Designing low-tech devices with appropriate technologies, Amy Smith has benefited societies in many developing countries with devices such as her low-cost screenless grain hammermill and clamp to regulate the flow of intravenous fluids. Smith, who earned her S.M. in mechanical engineering, has also invented a phase-change laboratory incubator and a phase-change microscope slide warmer used to diagnose tuberculosis. An MIT Edgerton Center instructor and MacArthur Fellow, Smith is also a co-organizer of the MIT IDEAS (Innovation, Development, Enterprise, Action and Service) Competition to promote student inventiveness for community needs. Daniel DiLorenzo, 1999

Advancing neuroscience via electrical engineering, Daniel DiLorenzo has developed a functional electrical stimulation (FES) device to restore gait to paraplegic patients, and has created neuroelectrical implants to provide sensory feedback in prosthetic limbs. DiLorenzo bears patents for closed-loop neuromodulation; a method to control brain swelling during brain surgery; a method to treat Parkinson’s Disease; and a Sleep Dry System to train children with bed-wetting problems. He has received his M.B.A. and M.D., and also earned his Ph.D. in electrical engineering. He currently serves as CEO of BioNeuronics, which he founded in 2005. Akhil Madhani, 1998

Akhil Madhani, who holds a Ph.D. in mechanical engineering, has implemented robotics in a vast array of areas. His tele-operated “Black Falcon” manipulates bodily tissue and can sew and tie off sutures during minimally invasive surgery. “The Talon,” which he constructed for a NASA program, is a robotic wrist system for remote autonomous exploration. His “WAM” is a robotic arm capable of catch and retrieval movements. Now a Disney Imagineer, Madhani creates the illusion of life in robotics, such as Lucky the dinosaur, for Disney’s theme parks. Nathan Kane, 1997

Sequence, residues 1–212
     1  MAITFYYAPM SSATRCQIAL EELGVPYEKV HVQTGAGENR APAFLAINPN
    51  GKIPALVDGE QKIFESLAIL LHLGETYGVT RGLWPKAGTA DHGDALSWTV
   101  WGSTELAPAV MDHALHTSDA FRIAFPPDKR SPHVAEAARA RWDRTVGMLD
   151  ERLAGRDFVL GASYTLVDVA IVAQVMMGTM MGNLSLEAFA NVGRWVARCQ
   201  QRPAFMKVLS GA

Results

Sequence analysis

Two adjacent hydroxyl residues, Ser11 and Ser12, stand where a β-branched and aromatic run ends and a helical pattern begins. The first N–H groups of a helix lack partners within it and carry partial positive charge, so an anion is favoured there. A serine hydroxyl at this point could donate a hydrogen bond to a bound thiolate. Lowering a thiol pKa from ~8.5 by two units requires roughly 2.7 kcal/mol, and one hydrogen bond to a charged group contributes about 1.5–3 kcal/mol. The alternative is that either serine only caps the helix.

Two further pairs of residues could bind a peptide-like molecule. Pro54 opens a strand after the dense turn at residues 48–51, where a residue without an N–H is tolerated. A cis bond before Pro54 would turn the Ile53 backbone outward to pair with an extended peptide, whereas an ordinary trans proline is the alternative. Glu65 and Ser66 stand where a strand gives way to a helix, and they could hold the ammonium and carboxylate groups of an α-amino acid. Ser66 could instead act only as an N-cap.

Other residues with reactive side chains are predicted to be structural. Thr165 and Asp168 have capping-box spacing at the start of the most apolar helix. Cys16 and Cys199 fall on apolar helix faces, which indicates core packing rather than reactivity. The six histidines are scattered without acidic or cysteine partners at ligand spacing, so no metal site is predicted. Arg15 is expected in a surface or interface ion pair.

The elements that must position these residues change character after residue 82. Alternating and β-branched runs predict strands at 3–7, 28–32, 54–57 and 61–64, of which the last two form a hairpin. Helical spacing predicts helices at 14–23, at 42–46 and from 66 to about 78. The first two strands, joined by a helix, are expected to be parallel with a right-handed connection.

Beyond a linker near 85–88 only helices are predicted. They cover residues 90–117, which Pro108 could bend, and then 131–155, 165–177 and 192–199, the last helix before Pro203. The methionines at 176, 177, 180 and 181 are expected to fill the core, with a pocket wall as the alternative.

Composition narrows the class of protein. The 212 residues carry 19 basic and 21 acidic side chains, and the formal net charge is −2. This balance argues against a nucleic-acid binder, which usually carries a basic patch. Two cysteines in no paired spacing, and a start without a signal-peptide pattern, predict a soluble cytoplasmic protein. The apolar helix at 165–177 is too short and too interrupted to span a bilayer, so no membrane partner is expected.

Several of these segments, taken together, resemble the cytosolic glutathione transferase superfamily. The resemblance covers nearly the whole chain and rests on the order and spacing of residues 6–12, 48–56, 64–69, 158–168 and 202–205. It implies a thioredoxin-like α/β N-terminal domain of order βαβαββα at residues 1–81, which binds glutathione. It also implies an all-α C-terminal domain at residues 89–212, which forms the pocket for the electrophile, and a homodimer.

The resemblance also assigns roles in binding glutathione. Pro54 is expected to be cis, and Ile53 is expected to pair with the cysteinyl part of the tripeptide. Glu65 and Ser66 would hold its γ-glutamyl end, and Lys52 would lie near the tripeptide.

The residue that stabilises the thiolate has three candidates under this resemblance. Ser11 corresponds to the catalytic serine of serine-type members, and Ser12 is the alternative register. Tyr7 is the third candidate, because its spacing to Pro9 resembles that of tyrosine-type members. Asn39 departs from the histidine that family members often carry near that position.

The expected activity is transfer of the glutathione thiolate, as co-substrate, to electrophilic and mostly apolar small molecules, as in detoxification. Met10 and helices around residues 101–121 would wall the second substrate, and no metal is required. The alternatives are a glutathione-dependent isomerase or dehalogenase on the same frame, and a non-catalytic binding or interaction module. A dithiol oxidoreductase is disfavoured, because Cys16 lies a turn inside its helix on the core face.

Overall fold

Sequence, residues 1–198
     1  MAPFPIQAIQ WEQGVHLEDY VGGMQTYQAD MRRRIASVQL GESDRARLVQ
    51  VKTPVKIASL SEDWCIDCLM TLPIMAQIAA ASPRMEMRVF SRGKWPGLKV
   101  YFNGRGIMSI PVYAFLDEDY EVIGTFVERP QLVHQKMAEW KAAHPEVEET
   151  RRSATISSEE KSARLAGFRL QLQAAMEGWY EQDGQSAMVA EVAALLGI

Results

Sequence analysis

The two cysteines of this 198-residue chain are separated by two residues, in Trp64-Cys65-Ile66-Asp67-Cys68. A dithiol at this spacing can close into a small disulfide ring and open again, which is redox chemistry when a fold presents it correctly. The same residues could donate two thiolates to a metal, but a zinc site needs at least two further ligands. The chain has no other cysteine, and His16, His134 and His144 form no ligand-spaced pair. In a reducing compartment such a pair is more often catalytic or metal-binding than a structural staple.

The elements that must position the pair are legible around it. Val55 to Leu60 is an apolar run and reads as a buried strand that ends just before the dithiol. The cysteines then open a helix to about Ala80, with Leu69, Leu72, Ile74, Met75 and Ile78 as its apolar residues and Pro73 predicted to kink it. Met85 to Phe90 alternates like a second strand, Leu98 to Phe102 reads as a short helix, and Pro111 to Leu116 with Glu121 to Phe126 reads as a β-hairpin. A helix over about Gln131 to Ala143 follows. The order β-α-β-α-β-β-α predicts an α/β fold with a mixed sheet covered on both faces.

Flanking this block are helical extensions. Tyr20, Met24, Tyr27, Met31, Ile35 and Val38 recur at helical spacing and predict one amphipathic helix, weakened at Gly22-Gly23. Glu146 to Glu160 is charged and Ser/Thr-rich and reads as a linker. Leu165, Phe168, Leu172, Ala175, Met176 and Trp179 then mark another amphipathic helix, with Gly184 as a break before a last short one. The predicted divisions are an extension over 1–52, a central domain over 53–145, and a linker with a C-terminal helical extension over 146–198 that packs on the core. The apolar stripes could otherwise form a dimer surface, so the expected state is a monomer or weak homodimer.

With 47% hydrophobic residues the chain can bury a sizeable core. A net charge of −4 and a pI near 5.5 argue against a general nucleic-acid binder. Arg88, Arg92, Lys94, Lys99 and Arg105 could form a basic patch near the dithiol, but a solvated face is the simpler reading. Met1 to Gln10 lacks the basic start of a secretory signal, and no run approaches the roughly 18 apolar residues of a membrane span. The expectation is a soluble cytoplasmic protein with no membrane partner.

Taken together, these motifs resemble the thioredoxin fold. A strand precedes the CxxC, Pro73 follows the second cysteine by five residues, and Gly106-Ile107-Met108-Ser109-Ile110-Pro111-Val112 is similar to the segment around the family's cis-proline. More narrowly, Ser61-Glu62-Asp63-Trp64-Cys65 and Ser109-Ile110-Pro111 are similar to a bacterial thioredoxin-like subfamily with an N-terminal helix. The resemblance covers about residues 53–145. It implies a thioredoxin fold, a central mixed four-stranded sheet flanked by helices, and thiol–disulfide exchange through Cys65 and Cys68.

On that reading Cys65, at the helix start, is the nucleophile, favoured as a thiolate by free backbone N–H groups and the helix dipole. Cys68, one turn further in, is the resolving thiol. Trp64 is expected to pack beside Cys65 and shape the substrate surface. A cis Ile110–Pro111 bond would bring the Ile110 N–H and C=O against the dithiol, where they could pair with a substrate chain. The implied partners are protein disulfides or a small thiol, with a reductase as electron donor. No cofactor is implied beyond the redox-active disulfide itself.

From modernizing an antiquated bellows design to co-creating a football embedded with a T.V. remote control, Nathan Kane is credited with a breadth of innovations (many co-invented). Among them are: the HydroRailTM modular hydrostatic bearing for machine tools, Project-a- Sketch TM opaque children’s projector and an air supply mask with a self-retracting hose. Kane (Ph.D., mechanical engineering,) has received patents for his low-distortion bellow folds designs for industrial machines, created through computer analyzed fold patterns. David Levy, 1996

Independent inventor David Levy’s inventions span many fields, from medicine to telecommunications. His patents include an “Improved Vascular Splicing Method” to seal blood vessels quickly during surgery; the WedgieTM bicycle seat lock—to prevent bicycle theft; Peelables®, layered self-adhering labels; and the Pass-ITTM TV remote (co-invented). Levy (Ph.D., mechanical engineering) established TH, Inc. (1989) to license his patents and started Digit Wireless, LLC (2000) to develop his FastapTM Keypad, the world’s smallest keypad. Thomas Massie, 1995

While an MIT student, Thomas Massie began SensAble Technologies in 1993 to market the PHANTOM—a haptic computer interface, which allows a user to "feel" and “manipulate” objects on a screen. Co-invented with Dr. Kenneth Salisbury (MIT), the PHANTOM aids in creating virtual models for a variety of applications. Massie, who received his S.M. in mechanical engineering, is also credited with an automatic plant watering tool and an Andean weaving machine.

About the Author
Mike Hanlon After Editing or Managing over 50 print publications primarily in the role of a Magazine Doctor, Mike embraced the internet full-time in 1995 and became a "start-up all-rounder" – quite a few start-ups later, he founded Gizmag in 2002. Now he can write again.   All articles by Mike Hanlon